Skip to main content

ASU biomedical student helps blood cancer patients with registry

Campus ambassador’s plans align with 'directly helping people and providing resources and opportunities for people to get better'

A woman with dark hair stands behind a table with a Gift of Life Registry table cloth.

Taylor Brown is an Arizona State University campus ambassador for the Gift of Life Marrow Registry. Photo by Meghan Finnerty

April 13, 2023

Every three minutes, a person is diagnosed with blood cancer — like leukemia, lymphoma and myeloma — which affects a person’s blood, bone marrow and lymphatic system.

When Taylor Brown, a junior at Arizona State University, was growing up, she watched her grandfather fight cancer. She listened to her mother share stories of working at a cancer hospital. But it wasn’t until she began her degree in biomedical sciences in The College of Liberal Arts and Sciences that she felt called to help.

Learning about the disease in her BIO 302: Cancer — Mother of all Diseases course in the School of Life Sciences lit a spark within her. Now she serves as a campus ambassador for the Gift of Life Marrow Registry, a nonprofit organization with a worldwide blood cell and bone marrow donor registry.

The registry is dedicated to helping every person fight blood cancer and give them a second chance at life.

“I love the organization and everything they stand for,” Brown said. “I feel I’m making a difference and helping people, which is awesome.”

As an ambassador, Brown helps plan events at ASU for the organization. This includes setting up a table on campus, where she invites passing students to learn more about blood cancers and offers them a chance to get tested to see if they are eligible to be donors.

“It’s pretty straightforward. The kits contain three swabs and include a QR code with a link to a survey that asks a few simple health-related questions that might interfere with your ability to donate,” she said. “After that, it’s three swabs on the inside of your cheek, and then done.”

Then the kit is sent to the lab for testing to look for a potential match that could help a patient.

Gift of Life Marrow Registry is a worldwide donor list for patients with blood cancers. Photo by Meghan Finnerty

Blood cancers or diseases can affect anyone. In 2023, it is estimated that 104,170 patients will be diagnosed with leukemia, lymphoma or myeloma, according to the American Cancer Society.

That’s why Gift of Life is working on adding all eligible individuals to the registry and increasing the chances for every patient to receive a blood stem cell or bone marrow transplant.

Because these type of diseases attack a person’s blood cells, a stem cell match allows patients to receive a blood transfusion to replace the diseased cells with healthy ones. In some cases, a bone marrow transplant is needed.

There are over 433,000 donors on the registry, and the organization has helped facilitate over 45,000 transplants.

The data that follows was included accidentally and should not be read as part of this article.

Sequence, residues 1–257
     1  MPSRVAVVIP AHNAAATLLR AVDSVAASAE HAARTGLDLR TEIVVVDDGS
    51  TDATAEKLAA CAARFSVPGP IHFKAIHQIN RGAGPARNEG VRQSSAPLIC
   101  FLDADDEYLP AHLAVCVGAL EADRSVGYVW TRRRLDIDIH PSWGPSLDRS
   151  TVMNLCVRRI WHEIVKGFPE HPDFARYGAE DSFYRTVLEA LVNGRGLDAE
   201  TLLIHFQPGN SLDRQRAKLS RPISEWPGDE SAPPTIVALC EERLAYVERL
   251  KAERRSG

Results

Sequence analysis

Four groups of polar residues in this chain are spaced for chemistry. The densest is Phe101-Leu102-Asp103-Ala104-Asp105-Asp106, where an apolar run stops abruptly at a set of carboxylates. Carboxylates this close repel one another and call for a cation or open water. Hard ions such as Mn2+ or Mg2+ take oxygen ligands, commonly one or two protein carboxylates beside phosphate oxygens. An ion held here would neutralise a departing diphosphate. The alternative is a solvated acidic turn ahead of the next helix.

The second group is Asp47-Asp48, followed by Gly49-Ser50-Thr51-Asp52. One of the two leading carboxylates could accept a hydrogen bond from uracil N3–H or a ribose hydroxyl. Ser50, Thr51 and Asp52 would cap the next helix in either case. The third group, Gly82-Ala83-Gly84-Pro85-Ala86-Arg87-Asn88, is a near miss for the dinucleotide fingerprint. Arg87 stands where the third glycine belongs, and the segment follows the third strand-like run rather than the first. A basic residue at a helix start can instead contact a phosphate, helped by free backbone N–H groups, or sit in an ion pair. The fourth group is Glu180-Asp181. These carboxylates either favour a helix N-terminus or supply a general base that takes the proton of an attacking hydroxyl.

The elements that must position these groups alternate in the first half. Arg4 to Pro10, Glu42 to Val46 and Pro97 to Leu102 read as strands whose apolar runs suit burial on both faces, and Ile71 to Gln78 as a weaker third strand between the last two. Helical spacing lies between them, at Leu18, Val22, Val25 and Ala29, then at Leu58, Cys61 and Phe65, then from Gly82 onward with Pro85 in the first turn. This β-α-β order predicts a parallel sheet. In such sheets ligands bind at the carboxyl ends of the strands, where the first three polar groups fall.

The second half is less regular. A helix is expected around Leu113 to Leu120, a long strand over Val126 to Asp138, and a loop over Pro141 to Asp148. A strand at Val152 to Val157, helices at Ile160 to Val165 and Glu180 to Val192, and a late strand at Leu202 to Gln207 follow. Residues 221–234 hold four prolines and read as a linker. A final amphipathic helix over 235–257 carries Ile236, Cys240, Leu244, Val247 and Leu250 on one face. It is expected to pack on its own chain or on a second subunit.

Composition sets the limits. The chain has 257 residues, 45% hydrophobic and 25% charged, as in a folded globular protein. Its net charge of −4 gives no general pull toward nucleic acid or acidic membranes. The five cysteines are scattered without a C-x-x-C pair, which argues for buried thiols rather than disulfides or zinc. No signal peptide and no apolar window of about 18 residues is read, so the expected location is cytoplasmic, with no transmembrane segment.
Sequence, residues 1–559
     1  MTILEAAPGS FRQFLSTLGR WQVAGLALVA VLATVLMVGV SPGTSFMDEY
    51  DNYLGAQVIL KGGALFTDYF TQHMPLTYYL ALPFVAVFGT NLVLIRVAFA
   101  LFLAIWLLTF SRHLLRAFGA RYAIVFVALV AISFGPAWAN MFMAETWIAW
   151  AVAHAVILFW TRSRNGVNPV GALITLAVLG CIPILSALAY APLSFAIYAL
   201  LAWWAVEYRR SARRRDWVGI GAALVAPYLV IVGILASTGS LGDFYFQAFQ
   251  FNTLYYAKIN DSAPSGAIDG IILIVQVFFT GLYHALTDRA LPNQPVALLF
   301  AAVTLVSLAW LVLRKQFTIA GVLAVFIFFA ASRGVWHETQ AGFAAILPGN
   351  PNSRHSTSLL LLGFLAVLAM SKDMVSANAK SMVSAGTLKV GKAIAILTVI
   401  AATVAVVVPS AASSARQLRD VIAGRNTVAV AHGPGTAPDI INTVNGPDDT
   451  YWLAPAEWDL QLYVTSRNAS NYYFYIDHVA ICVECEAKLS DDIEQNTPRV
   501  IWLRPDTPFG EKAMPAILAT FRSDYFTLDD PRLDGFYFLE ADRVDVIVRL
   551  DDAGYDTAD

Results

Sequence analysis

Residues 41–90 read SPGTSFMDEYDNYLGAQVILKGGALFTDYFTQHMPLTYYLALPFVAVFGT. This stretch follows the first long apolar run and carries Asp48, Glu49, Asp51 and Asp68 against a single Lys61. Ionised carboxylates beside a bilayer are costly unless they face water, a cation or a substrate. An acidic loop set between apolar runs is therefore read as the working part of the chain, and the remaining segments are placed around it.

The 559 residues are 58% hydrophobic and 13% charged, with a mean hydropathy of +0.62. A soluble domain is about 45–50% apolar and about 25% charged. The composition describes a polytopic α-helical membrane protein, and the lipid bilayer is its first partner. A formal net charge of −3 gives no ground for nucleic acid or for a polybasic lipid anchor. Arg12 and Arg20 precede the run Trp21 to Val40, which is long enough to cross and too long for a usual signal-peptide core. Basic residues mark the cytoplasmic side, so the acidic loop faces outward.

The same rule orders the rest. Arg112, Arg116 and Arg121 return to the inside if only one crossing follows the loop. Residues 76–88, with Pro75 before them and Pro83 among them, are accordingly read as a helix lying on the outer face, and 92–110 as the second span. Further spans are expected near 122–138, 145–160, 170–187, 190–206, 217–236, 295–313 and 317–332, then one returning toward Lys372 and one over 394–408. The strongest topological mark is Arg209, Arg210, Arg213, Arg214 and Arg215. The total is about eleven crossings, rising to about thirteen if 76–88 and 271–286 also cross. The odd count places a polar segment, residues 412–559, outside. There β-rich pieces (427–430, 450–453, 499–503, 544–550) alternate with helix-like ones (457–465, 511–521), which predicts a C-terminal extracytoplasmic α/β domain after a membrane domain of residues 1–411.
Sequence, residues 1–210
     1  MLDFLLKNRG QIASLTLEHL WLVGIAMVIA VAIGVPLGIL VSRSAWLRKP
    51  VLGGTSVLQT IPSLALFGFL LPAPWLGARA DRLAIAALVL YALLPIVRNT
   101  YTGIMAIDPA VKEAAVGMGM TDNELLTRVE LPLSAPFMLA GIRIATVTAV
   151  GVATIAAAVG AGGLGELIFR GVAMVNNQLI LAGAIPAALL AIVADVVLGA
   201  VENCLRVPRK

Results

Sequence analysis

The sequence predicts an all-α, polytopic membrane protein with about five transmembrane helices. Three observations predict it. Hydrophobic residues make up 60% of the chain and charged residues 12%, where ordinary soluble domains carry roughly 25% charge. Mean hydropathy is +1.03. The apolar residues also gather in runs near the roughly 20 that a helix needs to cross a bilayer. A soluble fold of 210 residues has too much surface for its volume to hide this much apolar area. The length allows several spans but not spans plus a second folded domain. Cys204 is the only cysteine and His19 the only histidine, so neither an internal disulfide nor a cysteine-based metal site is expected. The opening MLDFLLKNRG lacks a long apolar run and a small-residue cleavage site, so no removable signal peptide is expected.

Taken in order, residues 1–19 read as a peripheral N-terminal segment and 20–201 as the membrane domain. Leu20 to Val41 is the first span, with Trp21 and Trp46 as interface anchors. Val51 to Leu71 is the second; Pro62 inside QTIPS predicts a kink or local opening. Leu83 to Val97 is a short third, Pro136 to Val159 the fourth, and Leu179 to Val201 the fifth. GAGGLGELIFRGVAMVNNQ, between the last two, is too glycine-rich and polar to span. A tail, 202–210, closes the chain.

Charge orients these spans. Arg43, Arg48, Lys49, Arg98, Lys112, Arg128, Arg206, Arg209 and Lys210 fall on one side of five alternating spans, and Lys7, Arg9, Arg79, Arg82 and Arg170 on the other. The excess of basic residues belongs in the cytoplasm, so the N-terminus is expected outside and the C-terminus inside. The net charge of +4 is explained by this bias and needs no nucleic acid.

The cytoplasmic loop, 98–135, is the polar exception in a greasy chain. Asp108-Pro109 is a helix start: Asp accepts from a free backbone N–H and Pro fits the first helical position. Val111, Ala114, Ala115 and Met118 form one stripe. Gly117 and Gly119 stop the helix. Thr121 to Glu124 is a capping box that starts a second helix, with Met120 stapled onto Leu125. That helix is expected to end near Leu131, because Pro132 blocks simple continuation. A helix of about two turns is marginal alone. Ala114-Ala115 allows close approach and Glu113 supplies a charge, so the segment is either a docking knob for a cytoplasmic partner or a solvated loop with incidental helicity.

“Getting a match is awesome. I had a friend find out she was a match because she got tested at one of the events,” Brown said. “To see her asking questions about what to do next and feeling inspired to learn more about donating was an exciting feeling.”

Educating others about blood cancers and diseases while encouraging them to get involved by becoming a donor or volunteering aligns with what Brown hopes to do in her career.

“In this case, I feel I’m getting a glance into what I might be able to do in the future, like directly helping people and providing resources and opportunities for people to get better,” she said.

Brown’s eyes are set on medical school after graduation. She knows it will take a lot of patience and dedication, but she feels prepared by her undergraduate experience.

The Arizona native was drawn to ASU because it allowed her to immediately get involved as a student.

Brown is also a Barrett, The Honors College student, which she said has been essential to her growth during her college journey.

“Barrett has been a great program for me,” she said. “All the connections I’ve been able to make along with the opportunities it has provided me to get my foot in the door at internships, it’s been invaluable.”

Through these connections, she’s interned at the Mayo Clinic and East Valley Primary Care, working with physicians as a medical assistant. The college also provided pre-health advising, information on medical school applications and study resources.

“You have a lot to prepare for with medical school,” she said. “You must build your portfolio, get internships, attend informational meetings and prepare for the MCAT. It’s helpful that (Barrett) has the resources available because it gets intense.”

Even after Brown’s work with Gift of Life ends, one fact is certain: She will never stop helping others and teaching them the importance of community involvement.

“People come up to me and ask me how they can get involved with the organization, which is amazing,” Brown said. “I share my experience with them and hopefully it inspires them to join as an ambassador or get involved in another organization that is important to them.”